April 30, 2013 / 4:23 PM / 4 years ago

French president's ready-to-drink wine cellar up for auction

3 Min Read

French President Francois Hollande walks back to the Elysee Palace in Paris, April 24, 2013.Philippe Wojazer

PARIS (Reuters) - It's the most refined and thirst-quenching of diplomatic devices that has helped cement ties between France and its international allies.

But now, the all-French wine cellar of the Elysee presidential palace, which has helped fortify foreign kings, queens and heads of state throughout the decades, is being pared back, with 1,200 bottles to be auctioned to the highest bidders.

Many of the bottles to be offered at the prestigious Drouot auction house in Paris on May 30 and 31 are at the pinnacle of their shelf life and ready to be drunk immediately.

"These are wines that have figured at the presidential table for dinners or receptions," a Drouot spokesperson told Reuters. "Some of them have participated in events linked to the history of the Fifth Republic."

The auction, in which wines from Bordeaux and Burgundy will dominate, is expected to fetch around 250,000 euros ($327,500), some of which will go back into state coffers, according to President Francois Hollande's entourage.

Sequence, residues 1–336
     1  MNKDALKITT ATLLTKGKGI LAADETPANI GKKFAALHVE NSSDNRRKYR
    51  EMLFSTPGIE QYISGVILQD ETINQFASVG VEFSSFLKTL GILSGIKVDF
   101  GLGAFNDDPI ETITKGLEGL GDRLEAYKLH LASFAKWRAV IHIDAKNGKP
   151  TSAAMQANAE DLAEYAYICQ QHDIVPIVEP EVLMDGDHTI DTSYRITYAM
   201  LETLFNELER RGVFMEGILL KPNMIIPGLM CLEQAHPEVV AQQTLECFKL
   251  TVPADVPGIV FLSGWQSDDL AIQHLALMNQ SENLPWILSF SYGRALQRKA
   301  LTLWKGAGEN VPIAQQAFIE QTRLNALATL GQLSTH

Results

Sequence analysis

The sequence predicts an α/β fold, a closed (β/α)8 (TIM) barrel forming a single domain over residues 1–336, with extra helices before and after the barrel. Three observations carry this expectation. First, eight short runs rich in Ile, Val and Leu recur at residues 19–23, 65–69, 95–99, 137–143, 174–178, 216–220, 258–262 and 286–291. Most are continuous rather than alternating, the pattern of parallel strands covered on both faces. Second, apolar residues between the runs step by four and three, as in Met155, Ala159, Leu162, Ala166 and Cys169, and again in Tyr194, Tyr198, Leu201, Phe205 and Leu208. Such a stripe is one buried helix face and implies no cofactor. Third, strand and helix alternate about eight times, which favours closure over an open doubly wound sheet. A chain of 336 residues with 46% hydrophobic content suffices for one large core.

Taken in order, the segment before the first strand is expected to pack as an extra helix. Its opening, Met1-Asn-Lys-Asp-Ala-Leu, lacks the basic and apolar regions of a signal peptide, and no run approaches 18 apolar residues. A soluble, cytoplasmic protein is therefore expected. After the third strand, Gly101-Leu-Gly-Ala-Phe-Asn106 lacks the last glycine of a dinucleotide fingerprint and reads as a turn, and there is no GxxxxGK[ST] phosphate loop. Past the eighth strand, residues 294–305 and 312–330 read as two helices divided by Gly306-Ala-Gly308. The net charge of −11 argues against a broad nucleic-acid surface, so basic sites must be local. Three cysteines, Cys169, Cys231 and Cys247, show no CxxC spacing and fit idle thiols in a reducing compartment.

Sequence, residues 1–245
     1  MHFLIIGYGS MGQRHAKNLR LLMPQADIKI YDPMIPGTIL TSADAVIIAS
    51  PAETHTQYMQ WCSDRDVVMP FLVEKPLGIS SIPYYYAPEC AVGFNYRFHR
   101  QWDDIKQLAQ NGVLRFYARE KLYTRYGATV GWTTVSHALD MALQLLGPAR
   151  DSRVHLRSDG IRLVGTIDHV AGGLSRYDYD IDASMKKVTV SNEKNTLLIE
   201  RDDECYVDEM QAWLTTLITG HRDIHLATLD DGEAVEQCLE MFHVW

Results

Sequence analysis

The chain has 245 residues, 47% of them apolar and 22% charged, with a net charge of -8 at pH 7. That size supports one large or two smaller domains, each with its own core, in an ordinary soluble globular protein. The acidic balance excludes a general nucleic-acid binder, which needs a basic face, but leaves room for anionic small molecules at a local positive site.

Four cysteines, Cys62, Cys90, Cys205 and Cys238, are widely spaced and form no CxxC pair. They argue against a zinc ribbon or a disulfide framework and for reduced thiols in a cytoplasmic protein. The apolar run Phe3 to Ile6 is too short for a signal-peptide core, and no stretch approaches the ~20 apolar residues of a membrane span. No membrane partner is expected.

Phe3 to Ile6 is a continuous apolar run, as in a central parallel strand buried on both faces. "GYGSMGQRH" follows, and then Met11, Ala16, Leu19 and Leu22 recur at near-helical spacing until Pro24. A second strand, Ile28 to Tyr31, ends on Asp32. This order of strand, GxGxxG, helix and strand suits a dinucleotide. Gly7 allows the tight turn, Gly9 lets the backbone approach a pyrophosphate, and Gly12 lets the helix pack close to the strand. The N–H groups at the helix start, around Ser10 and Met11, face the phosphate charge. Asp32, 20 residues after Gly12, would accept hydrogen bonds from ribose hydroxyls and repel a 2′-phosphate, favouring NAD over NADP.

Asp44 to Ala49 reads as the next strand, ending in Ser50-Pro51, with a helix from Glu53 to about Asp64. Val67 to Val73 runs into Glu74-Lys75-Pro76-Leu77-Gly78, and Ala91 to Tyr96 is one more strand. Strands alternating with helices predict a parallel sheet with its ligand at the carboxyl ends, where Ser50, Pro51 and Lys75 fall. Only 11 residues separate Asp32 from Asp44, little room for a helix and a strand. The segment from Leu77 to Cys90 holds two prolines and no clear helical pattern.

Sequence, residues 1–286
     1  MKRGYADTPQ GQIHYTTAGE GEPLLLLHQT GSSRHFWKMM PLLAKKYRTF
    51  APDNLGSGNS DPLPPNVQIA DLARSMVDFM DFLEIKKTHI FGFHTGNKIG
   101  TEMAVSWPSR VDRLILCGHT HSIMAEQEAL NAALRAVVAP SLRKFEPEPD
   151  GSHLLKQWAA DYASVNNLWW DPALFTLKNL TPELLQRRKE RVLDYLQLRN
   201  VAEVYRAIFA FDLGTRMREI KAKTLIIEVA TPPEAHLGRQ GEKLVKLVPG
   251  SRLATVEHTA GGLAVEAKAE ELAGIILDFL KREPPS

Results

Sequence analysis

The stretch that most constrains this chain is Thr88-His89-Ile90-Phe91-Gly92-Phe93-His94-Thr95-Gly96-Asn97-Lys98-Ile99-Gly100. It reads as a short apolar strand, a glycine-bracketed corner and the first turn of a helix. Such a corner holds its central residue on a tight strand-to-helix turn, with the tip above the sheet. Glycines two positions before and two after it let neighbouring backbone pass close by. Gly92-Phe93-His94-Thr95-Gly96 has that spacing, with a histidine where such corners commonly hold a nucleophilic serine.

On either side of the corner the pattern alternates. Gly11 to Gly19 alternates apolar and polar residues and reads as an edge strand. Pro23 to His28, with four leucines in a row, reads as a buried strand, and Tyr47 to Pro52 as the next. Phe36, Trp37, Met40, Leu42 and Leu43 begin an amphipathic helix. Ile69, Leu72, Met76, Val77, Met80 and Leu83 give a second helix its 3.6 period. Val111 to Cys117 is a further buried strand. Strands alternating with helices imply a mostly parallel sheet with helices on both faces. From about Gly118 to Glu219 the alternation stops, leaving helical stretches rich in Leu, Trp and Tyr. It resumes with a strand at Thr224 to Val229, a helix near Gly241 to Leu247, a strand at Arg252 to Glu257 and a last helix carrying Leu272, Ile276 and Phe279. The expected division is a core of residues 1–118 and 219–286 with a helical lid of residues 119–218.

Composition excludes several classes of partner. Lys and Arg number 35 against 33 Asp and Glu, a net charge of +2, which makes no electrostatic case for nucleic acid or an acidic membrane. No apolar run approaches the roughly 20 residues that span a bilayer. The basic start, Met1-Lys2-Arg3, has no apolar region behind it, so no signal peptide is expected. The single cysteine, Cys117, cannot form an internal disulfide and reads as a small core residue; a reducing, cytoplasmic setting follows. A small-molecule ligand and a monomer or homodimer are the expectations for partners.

It's the latest episode of belt-tightening as France struggles to lower its soaring deficit to appease euro-zone partners and find 60 billion euros in public savings over five years.

Some auction proceeds will be invested in younger, more modest wines that are still worthy of a president's table, especially one who during his election campaign dubbed himself a "Mr. Normal" who eschewed the excesses of his predecessors.

Organizers say prices may reach as high as 2,200 euros for a 1990 Petrus to as low as 15 euros for a more modest wine.

Called the "divine juice of September" by Voltaire, wine has been produced in France from pre-Roman times, and today it is an integral part of the national heritage.

The Elysee wine cellar is a closely guarded national treasure protected by an armored door. It contains a collection of 12,000 bottles overseen by head sommelier Virginie Routis.

"I choose the wines in terms of the menu, but also in terms of protocol," Routis told Le Monde daily in December. "For a head of state, there would be several big labels on the table."

Britain's government similarly auctioned off vintage French wine from its cellar last month as part of a national austerity drive.

Demand remains high for wine from France, the world's largest wine producer by value, especially from affluent buyers in China and the United States. China is the world's biggest importer of Bordeaux wines.

($1 = 0.7634 euros)

Reporting by Chine Labbe and Julien Ponthus, Writing By Alexandria Sage, Editing by Belinda Goldsmith

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